Searching for the Powerful, As-affordable-as-can-be, Graphics Workstation

Hello everybody,

I am very bad about visiting the forums. I simply don't have the time to wade through the ocean of threads, and that's just the ones that I've favorited. But whatever. I try to catch the podcasts and enjoy playing with the TF2 and Planetside 2 crews. I beseech you now on bended knee, because this community is something of a General Purpose Oracle filled with every variety of geek. I know that some among you will have good advice.

Some Background

I'm a production coordinator in a unified Communications Department for two organizations (nonprofit, 501c status). Both are dedicated to conquering autoimmune diseases. Sometimes I catch myself acting all meh about occasionally chatting with world leading scientists in diabetes and general autoimmune science.

In the comm department, I organize our workload (Basecamp ftw), do the tech-end of press releases, a little tech writing, and generally making sure we're getting stuff done. I'm also the admin for the comm dept director.

The Situation

I've got this really great pitch I'm working on. You see, I'm also the first guy everyone goes to when they have any graphics or PowerPoint problems. Since I'm something of an invo-vis geek (and a Tufte admirer), I want to use my powers of impression to lobby for an improved position focused on meeting these needs. The average scientific PowerPoint presentation is a mismatch of styles, too many words, dumb animations, and eye-gougingly awful visuals.

The Opportunity

Management is starting to get it when it comes to this stuff. Our business director seeks me out when he needs this thing put into that presentation. Every time I do that, I create slides that look - every so subtly - better than his. Requests have grown. I think I could have an opportunity to do something that, while still technically a job, is still the least boring job I could hope for, given current circumstances.

The Need

The web-services I'm asking for are a piddling sum of money (institutionally speaking). Our level of Basecamp use is $50/mo. That's for a robust, heavily version-controlled, fully extensible solution that involves 0 IT resources at our instititute. We are literally saving money by freeing up the time that IT would be spending to support us. I'm continuing this trend. But that leaves the last item I need to price out: A graphics workstation for the most processing-intensive element of my pitch: video.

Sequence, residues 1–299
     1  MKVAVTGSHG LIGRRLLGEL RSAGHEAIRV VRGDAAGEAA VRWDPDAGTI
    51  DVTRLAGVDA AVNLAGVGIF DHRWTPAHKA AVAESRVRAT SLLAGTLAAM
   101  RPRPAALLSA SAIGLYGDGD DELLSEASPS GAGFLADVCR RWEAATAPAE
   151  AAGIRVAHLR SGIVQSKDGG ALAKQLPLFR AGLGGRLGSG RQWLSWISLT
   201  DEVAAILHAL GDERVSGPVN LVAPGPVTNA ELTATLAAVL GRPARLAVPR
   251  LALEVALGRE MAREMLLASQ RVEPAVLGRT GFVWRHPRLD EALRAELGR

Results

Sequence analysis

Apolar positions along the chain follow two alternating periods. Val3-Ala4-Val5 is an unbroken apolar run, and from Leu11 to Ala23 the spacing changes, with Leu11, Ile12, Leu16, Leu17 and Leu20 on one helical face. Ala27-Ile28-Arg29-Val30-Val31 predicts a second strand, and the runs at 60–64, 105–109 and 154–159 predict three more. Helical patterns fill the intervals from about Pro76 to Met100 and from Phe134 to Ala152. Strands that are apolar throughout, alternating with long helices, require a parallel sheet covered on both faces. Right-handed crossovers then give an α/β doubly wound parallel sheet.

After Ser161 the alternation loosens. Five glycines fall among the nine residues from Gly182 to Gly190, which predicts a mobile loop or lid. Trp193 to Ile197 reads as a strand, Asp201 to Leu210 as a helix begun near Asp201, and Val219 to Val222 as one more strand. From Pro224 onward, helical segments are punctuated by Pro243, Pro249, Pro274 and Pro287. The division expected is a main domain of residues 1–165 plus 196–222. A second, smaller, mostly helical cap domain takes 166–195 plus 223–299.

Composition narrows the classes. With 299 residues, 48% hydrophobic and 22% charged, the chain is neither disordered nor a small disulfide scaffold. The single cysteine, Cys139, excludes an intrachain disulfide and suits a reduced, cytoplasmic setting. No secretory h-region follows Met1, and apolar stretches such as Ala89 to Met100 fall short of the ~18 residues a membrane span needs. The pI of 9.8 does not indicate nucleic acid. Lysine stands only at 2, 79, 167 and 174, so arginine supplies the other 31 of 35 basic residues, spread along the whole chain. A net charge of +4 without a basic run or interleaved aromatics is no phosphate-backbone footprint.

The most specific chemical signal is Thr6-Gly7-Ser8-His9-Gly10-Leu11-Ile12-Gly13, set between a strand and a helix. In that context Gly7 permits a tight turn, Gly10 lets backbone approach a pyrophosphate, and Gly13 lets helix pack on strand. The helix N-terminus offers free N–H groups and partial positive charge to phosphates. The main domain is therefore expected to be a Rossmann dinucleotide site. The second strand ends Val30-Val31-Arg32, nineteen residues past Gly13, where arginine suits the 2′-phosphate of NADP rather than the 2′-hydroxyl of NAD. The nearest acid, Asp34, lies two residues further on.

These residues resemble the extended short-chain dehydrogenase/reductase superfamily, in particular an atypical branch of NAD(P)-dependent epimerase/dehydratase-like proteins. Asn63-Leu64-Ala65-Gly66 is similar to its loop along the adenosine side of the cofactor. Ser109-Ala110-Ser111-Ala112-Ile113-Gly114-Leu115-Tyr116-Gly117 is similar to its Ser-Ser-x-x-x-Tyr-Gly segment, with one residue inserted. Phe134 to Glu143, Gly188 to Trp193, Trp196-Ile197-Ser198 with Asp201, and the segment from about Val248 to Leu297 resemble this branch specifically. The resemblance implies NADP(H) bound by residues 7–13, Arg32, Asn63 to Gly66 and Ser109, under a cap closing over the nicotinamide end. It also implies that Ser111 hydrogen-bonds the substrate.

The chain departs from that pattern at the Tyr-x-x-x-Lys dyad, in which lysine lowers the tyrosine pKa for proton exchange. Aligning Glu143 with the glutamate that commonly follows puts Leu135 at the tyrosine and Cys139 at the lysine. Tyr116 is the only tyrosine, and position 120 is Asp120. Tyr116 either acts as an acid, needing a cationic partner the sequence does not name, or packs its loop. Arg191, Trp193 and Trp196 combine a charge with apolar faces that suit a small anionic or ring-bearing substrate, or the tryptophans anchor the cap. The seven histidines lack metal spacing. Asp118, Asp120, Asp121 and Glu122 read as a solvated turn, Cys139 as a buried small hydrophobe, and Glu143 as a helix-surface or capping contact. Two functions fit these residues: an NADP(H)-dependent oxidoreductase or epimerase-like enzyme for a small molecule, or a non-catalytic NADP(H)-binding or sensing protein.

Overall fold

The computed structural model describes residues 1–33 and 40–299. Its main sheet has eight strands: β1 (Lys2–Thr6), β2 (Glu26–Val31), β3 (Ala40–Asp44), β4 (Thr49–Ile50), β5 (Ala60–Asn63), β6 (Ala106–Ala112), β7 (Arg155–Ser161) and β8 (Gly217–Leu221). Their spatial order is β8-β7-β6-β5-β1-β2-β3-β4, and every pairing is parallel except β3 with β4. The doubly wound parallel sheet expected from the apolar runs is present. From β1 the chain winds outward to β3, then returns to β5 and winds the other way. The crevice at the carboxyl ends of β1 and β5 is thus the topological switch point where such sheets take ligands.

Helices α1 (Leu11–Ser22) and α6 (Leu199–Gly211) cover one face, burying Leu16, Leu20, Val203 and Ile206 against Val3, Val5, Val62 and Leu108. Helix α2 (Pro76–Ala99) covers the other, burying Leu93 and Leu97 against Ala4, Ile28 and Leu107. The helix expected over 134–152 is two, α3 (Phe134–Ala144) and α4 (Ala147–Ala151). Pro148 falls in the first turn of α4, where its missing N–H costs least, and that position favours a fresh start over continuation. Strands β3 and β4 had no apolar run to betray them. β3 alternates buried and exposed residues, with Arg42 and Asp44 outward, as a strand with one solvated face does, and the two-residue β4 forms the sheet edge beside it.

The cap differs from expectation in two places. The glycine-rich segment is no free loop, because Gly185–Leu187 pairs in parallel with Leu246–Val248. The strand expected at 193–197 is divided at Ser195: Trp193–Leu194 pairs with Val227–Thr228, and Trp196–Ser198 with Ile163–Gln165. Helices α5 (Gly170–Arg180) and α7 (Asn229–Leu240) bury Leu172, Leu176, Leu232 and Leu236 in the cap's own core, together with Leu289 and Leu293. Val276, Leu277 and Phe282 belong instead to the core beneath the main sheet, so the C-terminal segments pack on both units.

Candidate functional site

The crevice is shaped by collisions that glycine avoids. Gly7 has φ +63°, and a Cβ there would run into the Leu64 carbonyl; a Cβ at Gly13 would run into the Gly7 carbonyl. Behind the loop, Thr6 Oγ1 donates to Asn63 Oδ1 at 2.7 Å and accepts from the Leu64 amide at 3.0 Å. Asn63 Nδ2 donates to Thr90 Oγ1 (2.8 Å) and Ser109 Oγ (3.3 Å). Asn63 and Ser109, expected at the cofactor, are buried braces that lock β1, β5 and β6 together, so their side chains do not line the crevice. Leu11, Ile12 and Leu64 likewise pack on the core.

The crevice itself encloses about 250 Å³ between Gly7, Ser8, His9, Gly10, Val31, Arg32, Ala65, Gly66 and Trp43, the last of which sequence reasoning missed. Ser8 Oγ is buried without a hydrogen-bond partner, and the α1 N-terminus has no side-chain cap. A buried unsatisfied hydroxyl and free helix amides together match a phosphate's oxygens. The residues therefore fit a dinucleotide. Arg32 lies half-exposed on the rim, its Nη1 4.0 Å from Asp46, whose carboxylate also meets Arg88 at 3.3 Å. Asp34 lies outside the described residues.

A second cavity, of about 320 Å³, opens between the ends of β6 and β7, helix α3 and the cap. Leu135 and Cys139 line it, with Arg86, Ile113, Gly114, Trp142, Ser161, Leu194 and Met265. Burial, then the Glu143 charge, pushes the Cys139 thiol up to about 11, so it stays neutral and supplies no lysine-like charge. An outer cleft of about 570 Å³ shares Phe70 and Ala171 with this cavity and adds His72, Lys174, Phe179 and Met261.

My up-to-date-geekly knowledge is insufficient here. I need you youngins to help me. Basically, I need to be able to run Adobe Premiere at a decent click. I would never be creating videos more than 30 minutes. Much shorter is more likely. Please give me as little or as much information as you want. I'm selectively crowdsourcing this with you folks and my G+ stream.

Thanks for your attention.

Warmest regards to my fellow Goodjers,
DocBadwrench

Well, I'd love to help you, but the problem is that I'm not familiar with the actual requirements for video editing. What I know, sort of from osmosis, is that you want as much of everything as you can reasonably get. I'd probably be going for a high-end build ($2500ish), possibly higher.

But I can't authoritatively say, "This is what you NEED, this is what you WANT, this stuff would be nice to have." All I know to do is throw money at it, and you're explicitly asking for expertise, to avoid this. I'm not sure anyone here is sufficiently expert to give you what you want.

Maybe try asking over in one of the Ars Technica forums? If they can get you sized properly, then we can help you choose actual components, assuming you want to build it yourself. Otherwise, I'd just give you a generic balls-to-the-wall PC, going as far in every area as one reasonably can without being actively stupid (ie, no $1K CPUs or Fusion SSD cards), but probably sticking with the onboard CPU graphics. You probably won't need a dedicated 3D card, and using the onboard video exposes special video-encoding acceleration hardware that's in the Sandy Bridge chips. If your video software knows how to use it, and if the resulting quality is acceptable for your uses, the acceleration in using that hardware is something like twentyfold... it's HUGE. The quality is only middle-grade, but if that works for you, you can encode a big video in like ten minutes, instead of several hours.